Don’t expect much from the D.C. Council in the way of a serious investigation into cheating by educators on high-stakes standardized tests in the city’s public schools when Michelle Rhee was chancellor.
While the council’s Education Committee will discuss the standardized test cheating scandal this week at a previously scheduled hearing — which was, ironically, intended to be about test security — the chairman of the panel says it would be “impractical” to do another investigation.
You see, there’s already been several probes into past cheating by educators on the student D.C. Comprehensive Assessment System exams. Two — one by a private testing firm and the other by the D.C. Inspector General — were extremely limited. Another, by the U.S. Education Department’s Inspector General, resulted in no action taken, though the extent of the investigation is unclear.
Results of a new investigation into cheating on 2012 tests — after test security was tightened — were released last Friday and teachers in 18 schools were implicated. And that was after test security had been tightened. Also last week, a secret 2009 memo, published by journalist John Merrow and written by a data specialist hired by the schools administration of then chancellor Rhee, said there were suspicions that up to 200 teachers in numerous schools had cheated on 2008 tests.
Still, my colleague Emma Brown reported, Education Committee Chairman David Catania isn’t going to pursue it. He said that while he is “bewildered by the narrow scope” of the D.C. Inspector General’s investigation, which lasted 17 months and focused on only one school, he still think investigating old allegations “would be impractical and would yield little in terms of accountability.” Catania said it would be better to tighten test security and beef up ways to identify cheating in the future.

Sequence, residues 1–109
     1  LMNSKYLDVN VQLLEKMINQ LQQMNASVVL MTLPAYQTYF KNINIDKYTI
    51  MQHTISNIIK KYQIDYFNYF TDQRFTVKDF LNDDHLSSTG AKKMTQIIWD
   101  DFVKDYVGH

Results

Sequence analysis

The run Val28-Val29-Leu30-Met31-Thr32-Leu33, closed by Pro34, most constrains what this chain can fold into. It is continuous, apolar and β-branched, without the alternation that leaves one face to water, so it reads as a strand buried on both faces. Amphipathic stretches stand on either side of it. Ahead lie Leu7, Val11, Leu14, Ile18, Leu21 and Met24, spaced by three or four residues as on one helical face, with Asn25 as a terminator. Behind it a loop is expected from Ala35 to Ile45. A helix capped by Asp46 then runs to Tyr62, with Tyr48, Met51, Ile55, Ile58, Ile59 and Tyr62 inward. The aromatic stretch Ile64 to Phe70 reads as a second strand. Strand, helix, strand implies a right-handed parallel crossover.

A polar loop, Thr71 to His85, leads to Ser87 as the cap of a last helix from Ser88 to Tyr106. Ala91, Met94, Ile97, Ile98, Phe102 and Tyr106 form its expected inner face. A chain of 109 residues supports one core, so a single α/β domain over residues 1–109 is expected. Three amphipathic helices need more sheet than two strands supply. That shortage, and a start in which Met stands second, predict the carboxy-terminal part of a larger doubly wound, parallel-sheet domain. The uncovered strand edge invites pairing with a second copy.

Perhaps he hasn’t paid attention to the Atlanta cheating scandal, where two successive governors supported an independent probe by investigators with subpoena powers that just led to the indictment of former superintendent Beverly Hall and 34 other educators for massive cheating.
Earlier, Brown had learned that a previously held hearing Catania is holding on Thursday about test security will also include a discussion about the report on 2012 cheating. The original intent of the hearing was to discuss the Testing Integrity Act of 2013, legislation to “codify testing security protocols and procedures” for high-stakes accountability tests, according to the committee’s Web site. The bill (a description of which is replete with spelling errors on the Web site) would make it a violation of District law to facilitate cheating on a statewide assessment test, calls for test security training for teachers and others, and more.
The hearing was scheduled before last week’s publication of the secret 2009 memo and before the release of the report by the Office of the State Superintendent of Education on the 2012 test scores.
What really happened before that? Looks like we may never know.